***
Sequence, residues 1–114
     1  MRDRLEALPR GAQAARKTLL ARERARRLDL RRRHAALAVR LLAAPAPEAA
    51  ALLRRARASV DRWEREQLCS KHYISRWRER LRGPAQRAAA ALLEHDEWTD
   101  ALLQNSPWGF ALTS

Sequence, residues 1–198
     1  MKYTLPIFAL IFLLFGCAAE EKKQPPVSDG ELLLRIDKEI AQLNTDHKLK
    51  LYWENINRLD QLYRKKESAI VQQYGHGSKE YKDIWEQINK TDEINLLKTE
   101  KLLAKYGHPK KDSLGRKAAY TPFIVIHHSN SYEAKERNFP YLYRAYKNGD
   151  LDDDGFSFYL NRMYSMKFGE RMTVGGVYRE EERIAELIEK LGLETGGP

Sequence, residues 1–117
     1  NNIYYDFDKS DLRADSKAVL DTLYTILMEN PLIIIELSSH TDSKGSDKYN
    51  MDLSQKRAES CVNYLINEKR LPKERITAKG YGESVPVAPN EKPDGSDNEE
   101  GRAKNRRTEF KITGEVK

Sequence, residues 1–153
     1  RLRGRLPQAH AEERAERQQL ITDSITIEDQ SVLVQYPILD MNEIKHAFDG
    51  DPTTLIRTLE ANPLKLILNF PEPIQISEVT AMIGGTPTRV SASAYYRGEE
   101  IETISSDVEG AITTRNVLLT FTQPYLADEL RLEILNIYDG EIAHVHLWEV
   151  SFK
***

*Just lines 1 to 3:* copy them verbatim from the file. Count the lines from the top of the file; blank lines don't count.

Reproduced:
Sequence, residues 1–114
     1  MRDRLEALPR GAQAARKTLL ARERARRLDL RRRHAALAVR LLAAPAPEAA
    51  ALLRRARASV DRWEREQLCS KHYISRWRER LRGPAQRAAA ALLEHDEWTD